We have a moral obligation to bequeath to our children a world that is at least as good as the one we inherited from our parents. We will not meet that obligation if we cannot see past the next fiscal quarter. Our government policies and personal actions must look toward a more distant horizon. We have to move beyond our ridiculous propensity to abandon our quest for energy independence with every dip in the price of oil. We can do better than this.

Our Perspective:

Alternative Energy is the new Buzzword. We are poised to enter a new energy era. Are we willing to take that step? We can’t afford not to!

Let us know your thoughts? You may leave a comment or email george@hbsadvantage.com

As reported in Huffington Post Green

Austin, Texas, is getting closer to its self-imposed goal of using more renewable energy, and creating jobs in the bargain. The Texas-sized solar plant being planned would be the largest in the Unite States, according to Austin Energy.

The Council approved an agreement under which the City’s municipally-owned electric utility, Austin Energy, will purchase all of the electricity produced over a 25-year term by a 30 megawatt (MW) solar project to be built on city-owned property located about 20 miles from downtown Austin.
Gemini Solar Development Company, LLC, one of 15 companies competing for the massive project, will construct, own and manage the solar facility. The project of photovoltaic solar panels will span approximately 320 acres, producing energy each year sufficient to power about 5,000 homes. Austin Energy will pay about $10 million per year for the power.

The solar project represents a major step towards fulfilling a Council goal to develop 100 MW of solar capacity for Austin by 2020. The Council also has set a goal that 30 percent of the power delivered to customers by Austin Energy by 2020 will come from renewable resources. Construction on the project is expected to begin in the first quarter of 2010 and completed by the end of that year. The project will result in at least 600 local construction jobs.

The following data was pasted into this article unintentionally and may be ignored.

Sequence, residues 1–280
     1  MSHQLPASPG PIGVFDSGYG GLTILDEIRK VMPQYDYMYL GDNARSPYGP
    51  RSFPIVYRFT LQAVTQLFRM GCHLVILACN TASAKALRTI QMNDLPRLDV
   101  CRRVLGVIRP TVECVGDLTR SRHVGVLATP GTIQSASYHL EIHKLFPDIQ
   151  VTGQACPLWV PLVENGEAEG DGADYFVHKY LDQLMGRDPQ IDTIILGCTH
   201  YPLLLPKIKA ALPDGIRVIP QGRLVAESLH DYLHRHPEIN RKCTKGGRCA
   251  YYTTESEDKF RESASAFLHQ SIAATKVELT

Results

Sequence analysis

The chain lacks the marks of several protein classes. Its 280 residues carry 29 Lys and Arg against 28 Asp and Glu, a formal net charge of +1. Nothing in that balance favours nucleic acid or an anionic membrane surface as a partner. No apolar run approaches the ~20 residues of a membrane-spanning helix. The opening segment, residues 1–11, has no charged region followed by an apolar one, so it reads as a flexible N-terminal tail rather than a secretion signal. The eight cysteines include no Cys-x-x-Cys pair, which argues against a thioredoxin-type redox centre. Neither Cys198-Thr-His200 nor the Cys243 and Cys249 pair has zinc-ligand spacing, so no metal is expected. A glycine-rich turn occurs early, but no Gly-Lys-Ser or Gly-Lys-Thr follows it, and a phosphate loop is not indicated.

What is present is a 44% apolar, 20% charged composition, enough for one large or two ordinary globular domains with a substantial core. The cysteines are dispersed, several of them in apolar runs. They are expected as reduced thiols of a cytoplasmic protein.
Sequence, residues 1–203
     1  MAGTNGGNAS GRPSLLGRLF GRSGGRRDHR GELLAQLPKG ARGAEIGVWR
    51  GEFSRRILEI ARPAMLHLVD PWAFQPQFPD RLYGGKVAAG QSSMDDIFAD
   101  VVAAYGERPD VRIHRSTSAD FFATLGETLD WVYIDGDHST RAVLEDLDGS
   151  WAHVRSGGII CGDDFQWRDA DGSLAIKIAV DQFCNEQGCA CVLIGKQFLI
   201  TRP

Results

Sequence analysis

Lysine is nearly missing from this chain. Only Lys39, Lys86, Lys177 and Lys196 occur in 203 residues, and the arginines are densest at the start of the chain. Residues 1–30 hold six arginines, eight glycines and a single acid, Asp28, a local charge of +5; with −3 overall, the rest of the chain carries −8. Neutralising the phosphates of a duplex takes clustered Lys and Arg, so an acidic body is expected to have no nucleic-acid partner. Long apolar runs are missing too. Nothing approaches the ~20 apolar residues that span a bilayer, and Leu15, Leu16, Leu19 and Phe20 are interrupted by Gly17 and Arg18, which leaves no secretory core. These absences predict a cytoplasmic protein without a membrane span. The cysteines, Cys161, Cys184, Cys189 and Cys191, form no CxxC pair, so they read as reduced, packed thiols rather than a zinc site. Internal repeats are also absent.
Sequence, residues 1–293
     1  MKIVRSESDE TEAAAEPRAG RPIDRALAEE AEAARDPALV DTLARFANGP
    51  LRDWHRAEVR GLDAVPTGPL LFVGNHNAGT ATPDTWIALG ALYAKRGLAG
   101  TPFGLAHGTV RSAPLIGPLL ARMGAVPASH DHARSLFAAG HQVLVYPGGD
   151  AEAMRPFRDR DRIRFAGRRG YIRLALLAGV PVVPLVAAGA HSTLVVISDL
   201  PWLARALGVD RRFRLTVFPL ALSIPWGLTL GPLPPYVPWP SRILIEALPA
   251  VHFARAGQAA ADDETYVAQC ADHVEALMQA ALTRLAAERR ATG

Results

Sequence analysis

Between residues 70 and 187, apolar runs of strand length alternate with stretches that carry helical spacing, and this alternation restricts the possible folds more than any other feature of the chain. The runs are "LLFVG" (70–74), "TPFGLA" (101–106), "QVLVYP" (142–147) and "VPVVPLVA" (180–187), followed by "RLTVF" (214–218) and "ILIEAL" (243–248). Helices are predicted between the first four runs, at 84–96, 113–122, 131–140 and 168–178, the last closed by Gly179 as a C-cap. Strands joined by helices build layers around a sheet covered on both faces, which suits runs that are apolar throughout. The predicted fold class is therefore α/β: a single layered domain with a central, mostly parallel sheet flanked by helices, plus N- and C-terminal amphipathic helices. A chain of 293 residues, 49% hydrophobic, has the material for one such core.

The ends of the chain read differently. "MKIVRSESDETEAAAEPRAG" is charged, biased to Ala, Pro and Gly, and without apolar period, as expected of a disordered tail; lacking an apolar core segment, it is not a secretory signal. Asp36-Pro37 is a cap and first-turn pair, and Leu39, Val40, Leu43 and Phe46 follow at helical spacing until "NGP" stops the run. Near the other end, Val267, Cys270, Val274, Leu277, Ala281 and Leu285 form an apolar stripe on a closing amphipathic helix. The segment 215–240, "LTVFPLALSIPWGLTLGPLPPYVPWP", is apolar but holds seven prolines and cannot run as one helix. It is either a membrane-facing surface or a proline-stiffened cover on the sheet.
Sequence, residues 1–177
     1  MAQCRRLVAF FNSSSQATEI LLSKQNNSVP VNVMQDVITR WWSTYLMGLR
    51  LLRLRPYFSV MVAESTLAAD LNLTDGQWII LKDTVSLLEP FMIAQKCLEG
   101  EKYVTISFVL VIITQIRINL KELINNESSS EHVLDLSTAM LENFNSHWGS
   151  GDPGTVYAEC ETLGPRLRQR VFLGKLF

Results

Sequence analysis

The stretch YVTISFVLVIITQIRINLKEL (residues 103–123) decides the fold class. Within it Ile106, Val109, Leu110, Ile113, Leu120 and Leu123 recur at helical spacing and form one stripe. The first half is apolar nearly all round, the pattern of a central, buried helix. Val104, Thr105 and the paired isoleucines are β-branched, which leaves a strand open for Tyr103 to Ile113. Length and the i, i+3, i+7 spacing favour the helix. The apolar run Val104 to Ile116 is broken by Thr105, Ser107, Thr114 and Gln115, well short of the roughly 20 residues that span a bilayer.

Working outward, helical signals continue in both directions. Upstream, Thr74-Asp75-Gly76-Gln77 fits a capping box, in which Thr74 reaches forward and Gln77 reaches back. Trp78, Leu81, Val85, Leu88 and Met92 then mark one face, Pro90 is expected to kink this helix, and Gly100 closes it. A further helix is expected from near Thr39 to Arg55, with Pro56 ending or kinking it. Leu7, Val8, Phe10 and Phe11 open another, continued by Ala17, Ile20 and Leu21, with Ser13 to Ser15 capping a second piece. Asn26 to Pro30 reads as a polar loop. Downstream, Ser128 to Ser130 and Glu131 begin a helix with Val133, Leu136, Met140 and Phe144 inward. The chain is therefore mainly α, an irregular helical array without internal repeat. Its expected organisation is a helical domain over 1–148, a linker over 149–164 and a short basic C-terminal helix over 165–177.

The Austin American-Statesman said that critics remain — they’re worried about the financial
aspects of the plan, like how much the power will cost.

By unanimous vote, the council approved a partnership with Gemini Solar Development Co. to build and operate the facility and sell all its power to Austin at $10 million a year for 25 years. City officials say it would help them get closer to the city’s goal of using more renewable energy.
Other questions remain that critics said they would raise at the meeting. The city won’t say how much the power from the plant would cost, although most estimates are around 16.5 cents a kilowatt hour — more than most other types of power. Even that calculation is foggy, though, because federal tax credits could reduce the construction cost, thus making the electricity cheaper. But the city isn’t sure how much cheaper. The credits weren’t factored into Gemini Solar Development’s pitch.

Last DSIRE Review: 02/02/2009  

Incentive Type: State Rebate Program
Eligible Renewable/Other Technologies: Photovoltaics, Landfill Gas, Wind, Biomass, Anaerobic Digestion, Fuel Cells using Renewable Fuels
Applicable Sectors: Commercial, Industrial, Residential, Nonprofit, Schools, Local Government, State Government, Tribal Government, Fed. Government, Institutional
Incentive Amount: $0.15 – $5/W DC (varies by technology, capacity and applicant type); bonus rebate of $0.25/W is available for New Jersey sourced systems and equipment.
Maximum Incentive: Determined by capacity and rebate amounts for PV;
60% of eligible costs for sustainable biomass and fuel cell systems up to 10 kW;
30% for sustainable biomass and fuel cell systems greater than 10 kW;
For wind energy systems, 120% of estimated system performance at a reference wind speed of 11.4 mph
Eligible System Size: Residential PV: 10 kW DC maximum
Non-residential PV: 50 kW DC maximum
Fuel Cells and Sustainable Biomass: 1 MW AC maximum
Wind: 750,000 kWh annual energy production maximum
Output should not exceed 100% of the historical or expected (if new construction) consumption.
Equipment Requirements: Systems must be new, UL-listed (PV), in compliance with all applicable performance and safety standards, and must carry a minimum 5-year warranty on all equipment.
Installation Requirements: Installation must comply with all federal, state and local codes; must meet detailed siting criteria specified in program guidelines
Program Budget: $47,297,167 (new 2009 funding for all technologies)
Ownership of Renewable Energy Credits: Remains with project owner
Funding Source: New Jersey Societal Benefits Charge
Expiration Date 2009 Program Opening Date: 02/03/2009
Closing Date, First Cycle: 04/30/2009 (funding cycles only apply to PV)